Earlier this week, Cadence announced some new intellectual property (IP) that aims to streamline the incorporation of DDR4 memory into system on chip (SoC) designs. I spoke with Neil Hand, group director, marketing, SoC realization for Cadence Design Systems, at length about the announcement.
First, I learned that what is going on at Cadence is a lot more than just supporting the emerging DDR4 standards. In fact, the company has reorganized its entire company around a new hierarchy to fully support design up through the system level. They have dubbed the program EDA360, and it incorporates computing (in terms of embedded CPUs and software), interface (standards-based I/Os) and now memory and storage (assisted by the acquisition of Denali Software Inc. last year).
No one disputes that IP is used in computing and interfaces. But memory, really?
"Today, memory and storage has some IP focus to it, but it has largely been managed in house," admits Hand. "Now is the time people are beginning to look at memory and storage from an IP perspective. This is becoming a key focus area for the IP industry."
Every designer knows that selecting the wrong memory will adversely affect the overall system performance. And, memory complexity is increasing. So, how do you optimize? Hand notes that there are diverse requirements in SoCs. For example, some need low latency and others are working in more 'human' time. The challenge with 'in house' solutions is always the same: optimization requires in-house expertise and keeping up with emerging standards. As a further complication, these resources would likely be better spent on differentiating the final design. So, the time is ripe for memory IP. Enter Cadence.
DDR4 is an emerging memory standard that aims at a wide range of implementations for different systems. For system integrators to take full advantage of DDR4 when it becomes finalized, they need to be working with it now. The new standard features double the bandwidth and reduced voltage and power as compared to DDR3. Samsung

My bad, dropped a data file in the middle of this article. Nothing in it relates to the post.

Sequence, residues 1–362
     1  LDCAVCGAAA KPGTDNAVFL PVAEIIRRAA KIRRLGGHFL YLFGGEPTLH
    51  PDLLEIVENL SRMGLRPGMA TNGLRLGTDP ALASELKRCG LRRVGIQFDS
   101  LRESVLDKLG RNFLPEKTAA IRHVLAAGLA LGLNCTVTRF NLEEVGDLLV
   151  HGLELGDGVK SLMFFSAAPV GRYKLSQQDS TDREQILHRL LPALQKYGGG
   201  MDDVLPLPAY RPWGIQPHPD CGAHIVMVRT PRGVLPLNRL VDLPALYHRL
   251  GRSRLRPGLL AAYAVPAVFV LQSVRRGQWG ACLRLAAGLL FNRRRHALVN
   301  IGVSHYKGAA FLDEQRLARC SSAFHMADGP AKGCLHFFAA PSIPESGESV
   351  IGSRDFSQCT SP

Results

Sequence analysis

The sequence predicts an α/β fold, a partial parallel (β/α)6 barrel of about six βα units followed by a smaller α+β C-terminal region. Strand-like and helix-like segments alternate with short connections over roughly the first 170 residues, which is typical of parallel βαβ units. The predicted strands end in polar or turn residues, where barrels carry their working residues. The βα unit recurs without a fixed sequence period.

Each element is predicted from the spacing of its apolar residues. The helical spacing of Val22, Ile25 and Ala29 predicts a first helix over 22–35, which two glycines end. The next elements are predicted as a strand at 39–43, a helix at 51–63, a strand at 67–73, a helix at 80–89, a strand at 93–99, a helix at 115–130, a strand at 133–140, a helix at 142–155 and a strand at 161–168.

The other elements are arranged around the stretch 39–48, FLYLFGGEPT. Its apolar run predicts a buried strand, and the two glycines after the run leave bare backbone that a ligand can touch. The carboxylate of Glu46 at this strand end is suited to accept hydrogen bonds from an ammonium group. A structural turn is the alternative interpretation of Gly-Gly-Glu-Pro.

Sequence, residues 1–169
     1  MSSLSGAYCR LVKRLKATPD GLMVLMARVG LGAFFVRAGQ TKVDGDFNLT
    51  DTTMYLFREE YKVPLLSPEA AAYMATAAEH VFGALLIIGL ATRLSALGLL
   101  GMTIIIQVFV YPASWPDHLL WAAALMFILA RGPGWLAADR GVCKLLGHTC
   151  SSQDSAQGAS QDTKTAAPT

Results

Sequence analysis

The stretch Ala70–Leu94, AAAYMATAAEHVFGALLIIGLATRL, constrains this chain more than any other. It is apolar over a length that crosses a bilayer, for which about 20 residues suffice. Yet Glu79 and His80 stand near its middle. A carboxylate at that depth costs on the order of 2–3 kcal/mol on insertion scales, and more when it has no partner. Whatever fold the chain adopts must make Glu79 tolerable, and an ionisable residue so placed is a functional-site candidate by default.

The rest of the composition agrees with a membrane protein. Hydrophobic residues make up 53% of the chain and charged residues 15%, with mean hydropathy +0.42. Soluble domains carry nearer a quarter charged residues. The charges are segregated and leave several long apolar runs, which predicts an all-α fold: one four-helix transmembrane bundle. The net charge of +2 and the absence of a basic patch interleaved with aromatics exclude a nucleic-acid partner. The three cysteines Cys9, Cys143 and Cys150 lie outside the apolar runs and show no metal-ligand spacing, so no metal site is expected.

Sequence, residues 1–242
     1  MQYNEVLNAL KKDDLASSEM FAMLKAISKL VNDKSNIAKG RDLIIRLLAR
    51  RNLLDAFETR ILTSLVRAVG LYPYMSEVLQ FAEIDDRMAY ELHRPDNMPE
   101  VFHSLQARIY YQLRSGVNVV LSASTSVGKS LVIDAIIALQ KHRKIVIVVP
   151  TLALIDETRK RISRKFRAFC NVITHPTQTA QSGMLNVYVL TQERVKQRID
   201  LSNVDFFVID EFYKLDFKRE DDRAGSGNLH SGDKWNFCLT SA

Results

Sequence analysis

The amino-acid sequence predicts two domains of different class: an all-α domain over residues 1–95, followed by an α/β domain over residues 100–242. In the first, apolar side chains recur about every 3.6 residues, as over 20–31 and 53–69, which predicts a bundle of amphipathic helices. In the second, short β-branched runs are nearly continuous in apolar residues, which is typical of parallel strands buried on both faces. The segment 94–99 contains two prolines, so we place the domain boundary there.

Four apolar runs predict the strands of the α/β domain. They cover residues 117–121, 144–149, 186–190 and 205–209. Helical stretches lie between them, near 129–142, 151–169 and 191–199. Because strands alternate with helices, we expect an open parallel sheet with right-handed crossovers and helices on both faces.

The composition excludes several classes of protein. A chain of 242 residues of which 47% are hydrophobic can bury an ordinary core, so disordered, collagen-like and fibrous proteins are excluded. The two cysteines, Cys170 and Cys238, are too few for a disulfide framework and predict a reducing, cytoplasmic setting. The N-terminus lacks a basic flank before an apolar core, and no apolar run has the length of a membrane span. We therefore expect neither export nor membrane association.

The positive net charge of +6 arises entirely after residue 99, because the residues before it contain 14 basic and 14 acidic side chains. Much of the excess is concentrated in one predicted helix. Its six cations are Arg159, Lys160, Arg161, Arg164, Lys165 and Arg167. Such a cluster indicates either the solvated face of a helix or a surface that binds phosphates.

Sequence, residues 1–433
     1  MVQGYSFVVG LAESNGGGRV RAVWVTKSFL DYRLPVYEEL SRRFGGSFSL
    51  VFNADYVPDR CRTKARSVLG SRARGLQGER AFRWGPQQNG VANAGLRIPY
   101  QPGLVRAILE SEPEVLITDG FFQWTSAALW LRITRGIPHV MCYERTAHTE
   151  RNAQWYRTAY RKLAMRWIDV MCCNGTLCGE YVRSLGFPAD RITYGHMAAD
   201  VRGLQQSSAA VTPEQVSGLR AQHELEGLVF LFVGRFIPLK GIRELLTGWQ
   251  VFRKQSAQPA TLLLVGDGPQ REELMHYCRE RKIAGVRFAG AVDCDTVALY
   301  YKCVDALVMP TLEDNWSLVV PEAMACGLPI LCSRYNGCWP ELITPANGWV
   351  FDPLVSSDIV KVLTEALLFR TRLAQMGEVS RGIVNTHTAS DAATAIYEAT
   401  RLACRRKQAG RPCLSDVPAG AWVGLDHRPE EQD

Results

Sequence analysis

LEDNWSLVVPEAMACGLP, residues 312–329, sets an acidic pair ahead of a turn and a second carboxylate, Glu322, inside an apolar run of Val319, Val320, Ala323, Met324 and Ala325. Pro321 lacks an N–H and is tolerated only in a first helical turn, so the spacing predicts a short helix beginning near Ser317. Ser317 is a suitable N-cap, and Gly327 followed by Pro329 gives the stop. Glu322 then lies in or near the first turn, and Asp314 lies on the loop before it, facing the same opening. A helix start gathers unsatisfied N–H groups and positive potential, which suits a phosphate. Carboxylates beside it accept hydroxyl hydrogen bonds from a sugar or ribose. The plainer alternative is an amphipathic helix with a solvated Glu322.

have both announced DDR4 products.
Cadence has announced availability of DDR4 IP, and it hopes this will allow SoC designers to get a jump on designs and not have to play catch up with the large system and PC designers. The company will continue to track the standard as it evolves, and will make the necessary adjustments to its IP along the way.
The Cadence offering includes the DDR4 controller IP, DDR4 hard and soft PHY IP, memory models, verification IP, and a design-in kit.
Figure 1: Cadence DDR4 IP offering aims for an end-to-end solution.
DDR4 controller IP
The DDR4 controller IP meets the speed grades of DDR4, and it also supports all previous memory standards. Cadence works directly with each customer to deliver a uniquely configured controller that includes exactly the performance and features needed--from MP3 players to supercomputers. In some cases, the company reports that it can turn a tested and customized design in as little as 24 hours. Optimization examples include bandwidth optimization through traffic management, or power optimization and traffic sensing (allows the memory controller to control the DRAM power state based on real-time memory activity).
Here are the key features of the controller IP:
- All DDR1/2/3/4, LPDDR1/2, Wide I/O memories
- DDR2/3/4 DIMM support
- ECC and BIST support
- Fully DFI compliant
Configured using a GUI, Cadence's soft PHY supports speed grades up to DDR-3200 and allows the customer to select the floor plan, routing, and I/O. Cadence's DDR hard PHY has initial support for DDR-2400 with a roadmap to DDR-3200. According to Hand, Cadence's hard PHY is more flexible than competing products. "We 'hard in' key pieces of the IP, and then we left some of the other areas soft, leaving a degree of flexibility at the logical level."
Cadence has also developed a new design-in kit for DDR that allows designers to put DDR into designs before committing to an implmentation. "They can explore different memory topologies and see what meets their signal integrity requirments, all before committing to a final silicon implementation. The aim here is to lower the overall risk of using DDR in their design," notes Hand.
All of these pieces fit together nicely in support of Cadence's EDA360 strategy. The company's aim is to deliver a "very broad-based comprehensive solution for storage." Please use the comments section below to tell us if you agree, or if you have any questions...
DDR4 controller IP, verification IP and memory models are available now, and supported by both Cadence and third-party design tools and methodologies. A soft DDR4 PHY is expected to be available this quarter, while a hard PHY solution for 28-nm TSMC geometries is expected to be available by Q3 2011
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